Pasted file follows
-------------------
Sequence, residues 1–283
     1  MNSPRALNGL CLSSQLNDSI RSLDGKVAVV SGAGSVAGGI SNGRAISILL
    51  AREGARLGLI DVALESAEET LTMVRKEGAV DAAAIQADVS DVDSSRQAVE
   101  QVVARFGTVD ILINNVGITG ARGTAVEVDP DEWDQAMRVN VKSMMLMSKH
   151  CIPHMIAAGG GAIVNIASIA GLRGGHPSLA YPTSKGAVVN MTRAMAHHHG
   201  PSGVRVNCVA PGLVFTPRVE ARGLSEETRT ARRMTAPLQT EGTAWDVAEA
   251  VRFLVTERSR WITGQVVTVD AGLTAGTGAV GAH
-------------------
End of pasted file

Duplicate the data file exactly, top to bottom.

Sequence, residues 1–283
     1  MNSPRALNGL CLSSQLNDSI RSLDGKVAVV SGAGSVAGGI SNGRAISILL
    51  AREGARLGLI DVALESAEET LTMVRKEGAV DAAAIQADVS DVDSSRQAVE
   101  QVVARFGTVD ILINNVGITG ARGTAVEVDP DEWDQAMRVN VKSMMLMSKH
   151  CIPHMIAAGG GAIVNIASIA GLRGGHPSLA YPTSKGAVVN MTRAMAHHHG
   201  PSGVRVNCVA PGLVFTPRVE ARGLSEETRT ARRMTAPLQT EGTAWDVAEA
   251  VRFLVTERSR WITGQVVTVD AGLTAGTGAV GAH